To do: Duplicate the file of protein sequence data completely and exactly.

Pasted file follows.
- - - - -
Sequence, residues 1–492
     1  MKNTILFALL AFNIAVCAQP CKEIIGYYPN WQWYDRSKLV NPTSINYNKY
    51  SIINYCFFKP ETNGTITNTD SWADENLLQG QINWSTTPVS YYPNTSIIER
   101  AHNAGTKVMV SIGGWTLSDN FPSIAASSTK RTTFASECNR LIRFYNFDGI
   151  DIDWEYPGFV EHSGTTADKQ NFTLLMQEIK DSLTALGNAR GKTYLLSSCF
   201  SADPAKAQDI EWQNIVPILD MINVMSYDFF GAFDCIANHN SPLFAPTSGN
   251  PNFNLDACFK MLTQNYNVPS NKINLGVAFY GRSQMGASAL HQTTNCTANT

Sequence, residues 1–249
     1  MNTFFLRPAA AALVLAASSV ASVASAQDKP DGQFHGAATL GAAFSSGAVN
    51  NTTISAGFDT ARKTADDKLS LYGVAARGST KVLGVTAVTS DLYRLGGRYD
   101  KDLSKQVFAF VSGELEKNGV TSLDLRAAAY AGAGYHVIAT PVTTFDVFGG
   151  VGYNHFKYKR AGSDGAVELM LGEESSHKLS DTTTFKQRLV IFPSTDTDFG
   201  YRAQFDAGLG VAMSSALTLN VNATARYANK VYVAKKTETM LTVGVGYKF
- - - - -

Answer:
Sequence, residues 1–492
     1  MKNTILFALL AFNIAVCAQP CKEIIGYYPN WQWYDRSKLV NPTSINYNKY
    51  SIINYCFFKP ETNGTITNTD SWADENLLQG QINWSTTPVS YYPNTSIIER
   101  AHNAGTKVMV SIGGWTLSDN FPSIAASSTK RTTFASECNR LIRFYNFDGI
   151  DIDWEYPGFV EHSGTTADKQ NFTLLMQEIK DSLTALGNAR GKTYLLSSCF
   201  SADPAKAQDI EWQNIVPILD MINVMSYDFF GAFDCIANHN SPLFAPTSGN
   251  PNFNLDACFK MLTQNYNVPS NKINLGVAFY GRSQMGASAL HQTTNCTANT

Sequence, residues 1–249
     1  MNTFFLRPAA AALVLAASSV ASVASAQDKP DGQFHGAATL GAAFSSGAVN
    51  NTTISAGFDT ARKTADDKLS LYGVAARGST KVLGVTAVTS DLYRLGGRYD
   101  KDLSKQVFAF VSGELEKNGV TSLDLRAAAY AGAGYHVIAT PVTTFDVFGG
   151  VGYNHFKYKR AGSDGAVELM LGEESSHKLS DTTTFKQRLV IFPSTDTDFG
   201  YRAQFDAGLG VAMSSALTLN VNATARYANK VYVAKKTETM LTVGVGYKF